Purdue junior Emily Bretscher was just 34th last year, but surged to win the Big Ten title this year. Texas sophomore Paola Pineda only made NCAAs on platform last year as a rookie, but was third at Big 12s on 3-meter this season.

In Zone B, Miami’s Mia Vallee won 3-meter, beating two 2018 NCAA scorers in the process. Vallee is a freshman and crushed that field by 25 points. In the relatively tougher Zone E, Hawaii’s Daphne Wils won both springboards, and both she and USC’s Nike Agunbiade beat Stanford’s returning scorer Sculti. Zone A went to Virginia’s Sydney Dusel, who is returning from injury this season.

Top 8 Picks:

Place Diver Team 2019 Finish
1 Alison Gibson Texas 6th
2 Carolina Sculti Stanford 14th
3 Jiayu Chen Kansas
4 Joy Zhu Minnesota
5 Daphne Wils Hawaii
6 Kyndal Knight Kentucky 13th
7 Aimee Wilson LSU 25th
8 Emily Bretscher Purdue 34th


Platform has the most returning scorers of the three dive events, but still only two A finalists. Emily Meaney was the runner-up last year, and has generally been very good at NCAAs (7th as a freshman, 2nd as a junior), with one anomaly in her sophomore year, where she was 27th.

Florida International’s Maha Gouda was 8th as a freshman and should be in line for a top-3 finish this year. She also won in Zone B.

Other standouts:

There’s a whole crowd of returning B finalists from last year, but they’re going to have to jockey with a lot of newcomers, as freshman won titles in the Big Ten (Northwestern’s Markie Hopkins), Big 12 (Texas’s Jordan Skilken) and SEC (Alabama’s Tanesha Lucoe). Meanwhile Stanford junior Mia Paulsen won the Pac-12 title, but it’s hard to know how much to weight that, since Paulsen won Pac-12s last year, too, then took 35th at NCAAs. Still, Paulsen backed it up with a Zone E win, so she’s got to be considered a contender.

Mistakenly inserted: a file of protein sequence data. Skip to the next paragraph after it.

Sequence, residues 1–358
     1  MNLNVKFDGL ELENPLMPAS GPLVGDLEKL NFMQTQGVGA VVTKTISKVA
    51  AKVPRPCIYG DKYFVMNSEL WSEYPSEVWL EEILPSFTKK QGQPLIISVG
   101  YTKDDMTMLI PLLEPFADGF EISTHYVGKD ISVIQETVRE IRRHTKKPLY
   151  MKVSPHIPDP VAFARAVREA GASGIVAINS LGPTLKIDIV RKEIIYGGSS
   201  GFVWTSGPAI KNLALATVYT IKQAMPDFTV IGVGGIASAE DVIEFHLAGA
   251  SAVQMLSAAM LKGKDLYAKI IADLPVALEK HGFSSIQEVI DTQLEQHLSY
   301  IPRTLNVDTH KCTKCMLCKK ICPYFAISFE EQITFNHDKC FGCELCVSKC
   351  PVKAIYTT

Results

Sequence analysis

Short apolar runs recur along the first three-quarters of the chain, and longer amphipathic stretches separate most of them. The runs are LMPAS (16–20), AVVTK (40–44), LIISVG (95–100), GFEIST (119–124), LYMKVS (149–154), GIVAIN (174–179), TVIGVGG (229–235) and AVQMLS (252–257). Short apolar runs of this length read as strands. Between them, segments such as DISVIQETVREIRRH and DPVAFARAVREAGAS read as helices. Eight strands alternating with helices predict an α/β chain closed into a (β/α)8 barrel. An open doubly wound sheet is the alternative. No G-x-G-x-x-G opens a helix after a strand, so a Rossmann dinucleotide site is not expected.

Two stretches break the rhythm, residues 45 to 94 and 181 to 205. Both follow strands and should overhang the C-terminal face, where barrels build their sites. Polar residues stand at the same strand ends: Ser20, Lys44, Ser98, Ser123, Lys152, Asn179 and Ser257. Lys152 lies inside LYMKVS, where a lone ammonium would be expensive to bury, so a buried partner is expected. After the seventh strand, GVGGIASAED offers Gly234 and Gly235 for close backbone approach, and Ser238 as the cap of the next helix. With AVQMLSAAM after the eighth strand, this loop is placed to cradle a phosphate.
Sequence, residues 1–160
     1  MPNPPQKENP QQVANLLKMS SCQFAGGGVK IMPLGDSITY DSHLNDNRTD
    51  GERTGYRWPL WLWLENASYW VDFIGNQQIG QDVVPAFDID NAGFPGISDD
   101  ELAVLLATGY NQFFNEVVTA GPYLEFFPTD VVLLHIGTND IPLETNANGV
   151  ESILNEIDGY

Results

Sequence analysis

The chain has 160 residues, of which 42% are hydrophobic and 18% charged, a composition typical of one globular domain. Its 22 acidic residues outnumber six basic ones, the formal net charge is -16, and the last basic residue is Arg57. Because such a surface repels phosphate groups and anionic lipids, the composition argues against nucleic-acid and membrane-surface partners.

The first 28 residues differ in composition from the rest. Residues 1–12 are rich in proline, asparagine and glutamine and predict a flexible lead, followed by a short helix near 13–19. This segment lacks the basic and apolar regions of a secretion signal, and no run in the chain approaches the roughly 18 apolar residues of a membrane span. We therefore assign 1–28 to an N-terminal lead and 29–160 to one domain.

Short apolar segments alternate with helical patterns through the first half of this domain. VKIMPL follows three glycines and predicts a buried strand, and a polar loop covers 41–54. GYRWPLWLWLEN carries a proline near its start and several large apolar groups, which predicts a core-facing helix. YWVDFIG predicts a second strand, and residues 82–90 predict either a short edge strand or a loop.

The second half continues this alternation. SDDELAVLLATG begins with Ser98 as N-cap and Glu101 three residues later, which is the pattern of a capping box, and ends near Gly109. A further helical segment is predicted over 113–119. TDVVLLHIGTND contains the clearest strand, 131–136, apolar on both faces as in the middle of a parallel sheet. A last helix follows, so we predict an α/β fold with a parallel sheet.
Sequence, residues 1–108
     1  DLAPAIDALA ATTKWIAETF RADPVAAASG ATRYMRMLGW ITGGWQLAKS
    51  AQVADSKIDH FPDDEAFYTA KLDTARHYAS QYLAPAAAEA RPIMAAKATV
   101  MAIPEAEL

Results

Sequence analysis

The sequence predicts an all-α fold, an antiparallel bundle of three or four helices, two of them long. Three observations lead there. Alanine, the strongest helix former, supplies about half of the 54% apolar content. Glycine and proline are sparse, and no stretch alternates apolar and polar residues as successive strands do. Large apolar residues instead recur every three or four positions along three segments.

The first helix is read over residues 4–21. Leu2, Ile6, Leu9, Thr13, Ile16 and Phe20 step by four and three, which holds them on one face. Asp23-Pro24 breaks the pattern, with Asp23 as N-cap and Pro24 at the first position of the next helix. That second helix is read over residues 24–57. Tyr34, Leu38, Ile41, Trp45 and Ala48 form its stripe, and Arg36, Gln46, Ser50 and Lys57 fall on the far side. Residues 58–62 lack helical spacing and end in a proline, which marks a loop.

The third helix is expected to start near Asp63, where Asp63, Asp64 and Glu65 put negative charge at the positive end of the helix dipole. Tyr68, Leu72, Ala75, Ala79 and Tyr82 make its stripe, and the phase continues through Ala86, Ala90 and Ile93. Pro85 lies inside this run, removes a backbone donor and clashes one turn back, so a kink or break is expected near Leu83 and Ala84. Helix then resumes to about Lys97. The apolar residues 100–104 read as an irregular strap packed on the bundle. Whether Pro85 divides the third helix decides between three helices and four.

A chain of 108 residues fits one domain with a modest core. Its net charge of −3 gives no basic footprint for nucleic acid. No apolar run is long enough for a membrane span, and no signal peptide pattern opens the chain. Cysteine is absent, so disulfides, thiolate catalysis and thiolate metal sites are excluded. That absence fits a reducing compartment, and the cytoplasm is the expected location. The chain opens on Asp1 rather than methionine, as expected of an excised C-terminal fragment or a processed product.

Her teammate Daria Lenz is an equal threat, after taking 8th last year.

Purdue has a full complement of threats. Emily Bretscher was 10th last year. But at Big Tens this year, she was 6th, with freshman teammate Maycey Vieta (2nd) and sophomore teammate Maggie Merriman (3rd) ahead of her.

Michigan’s Christy Cutshaw was a scorer in 2018 (10th), but fell to 28th last year. Texas should have a few contenders, including Paola Pineda, who was 17th and just missed scoring last year.

Wisconsin’s Tereza Vithoulka won the tough Zone D and could push to score, though most of the top threats in that zone were already qualified and seemed to pretty much coast in on autopilot in the final day.

FIU looked to have two A final contenders, but Rachel Foord didn’t qualify out of Zone B. Last year’s B finalist Freida Lim did not qualify for Georgia.

Top 8 Picks:

Place Diver Team 2019 Finish
1 Emily Meaney Purdue 2nd
2 Maha Gouda Florida International 8th
3 Mia Paulsen Stanford 35th
4 Emily Bretscher Purdue 10th
5 Daria Lenz Stanford 13th
6 Jordan Skilken Texas
7 Markie Hopkins Northwestern
8 Carly Souza USC 16th

Leave a Reply

Notify of

oldest most voted
Inline Feedbacks
View all comments
4 years ago

Um, is any of this still happening…?

4 years ago

Thank you SwimSwam for this analysis – helps us when considering overall team scores!

4 years ago

as much as i hate to say it (no hate to stanford, just want a new champion like UVA or Cal and a closer title race) – diving will push stanford over the edge with virtually no potential UVA/Cal scoring divers :(((

Reply to  Swimmuh
4 years ago

UVA diving is on a roll, with three women qualifying and Sydney Dusel looking very strong. While no one is saying they’ll match Stanford in diving points, there is genuine excitement and potential for some points this year, as well as a promising future for the program.

About Jared Anderson

Jared Anderson

Jared Anderson swam for nearly twenty years. Then, Jared Anderson stopped swimming and started writing about swimming. He's not sick of swimming yet. Swimming might be sick of him, though. Jared was a YMCA and high school swimmer in northern Minnesota, and spent his college years swimming breaststroke and occasionally pretending …

Read More »